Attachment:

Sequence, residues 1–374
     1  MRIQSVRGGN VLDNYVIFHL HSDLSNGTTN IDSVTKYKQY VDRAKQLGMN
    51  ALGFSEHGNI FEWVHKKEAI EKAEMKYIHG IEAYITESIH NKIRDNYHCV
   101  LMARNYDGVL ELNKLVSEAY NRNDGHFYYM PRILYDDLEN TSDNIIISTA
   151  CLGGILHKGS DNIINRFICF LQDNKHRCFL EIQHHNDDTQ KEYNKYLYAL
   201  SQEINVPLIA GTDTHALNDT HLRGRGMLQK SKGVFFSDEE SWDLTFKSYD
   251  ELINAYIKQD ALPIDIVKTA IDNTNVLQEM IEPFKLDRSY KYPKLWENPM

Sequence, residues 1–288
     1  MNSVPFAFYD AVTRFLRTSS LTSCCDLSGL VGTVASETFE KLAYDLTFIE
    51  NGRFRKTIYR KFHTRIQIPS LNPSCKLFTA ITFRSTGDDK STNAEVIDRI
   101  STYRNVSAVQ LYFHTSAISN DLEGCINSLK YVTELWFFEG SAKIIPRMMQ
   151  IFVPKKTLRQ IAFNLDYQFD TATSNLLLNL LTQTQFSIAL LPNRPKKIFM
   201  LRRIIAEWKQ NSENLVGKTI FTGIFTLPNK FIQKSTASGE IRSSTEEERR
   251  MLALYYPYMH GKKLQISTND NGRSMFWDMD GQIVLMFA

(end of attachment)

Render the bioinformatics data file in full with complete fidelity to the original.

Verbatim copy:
Sequence, residues 1–374
     1  MRIQSVRGGN VLDNYVIFHL HSDLSNGTTN IDSVTKYKQY VDRAKQLGMN
    51  ALGFSEHGNI FEWVHKKEAI EKAEMKYIHG IEAYITESIH NKIRDNYHCV
   101  LMARNYDGVL ELNKLVSEAY NRNDGHFYYM PRILYDDLEN TSDNIIISTA
   151  CLGGILHKGS DNIINRFICF LQDNKHRCFL EIQHHNDDTQ KEYNKYLYAL
   201  SQEINVPLIA GTDTHALNDT HLRGRGMLQK SKGVFFSDEE SWDLTFKSYD
   251  ELINAYIKQD ALPIDIVKTA IDNTNVLQEM IEPFKLDRSY KYPKLWENPM

Sequence, residues 1–288
     1  MNSVPFAFYD AVTRFLRTSS LTSCCDLSGL VGTVASETFE KLAYDLTFIE
    51  NGRFRKTIYR KFHTRIQIPS LNPSCKLFTA ITFRSTGDDK STNAEVIDRI
   101  STYRNVSAVQ LYFHTSAISN DLEGCINSLK YVTELWFFEG SAKIIPRMMQ
   151  IFVPKKTLRQ IAFNLDYQFD TATSNLLLNL LTQTQFSIAL LPNRPKKIFM
   201  LRRIIAEWKQ NSENLVGKTI FTGIFTLPNK FIQKSTASGE IRSSTEEERR
   251  MLALYYPYMH GKKLQISTND NGRSMFWDMD GQIVLMFA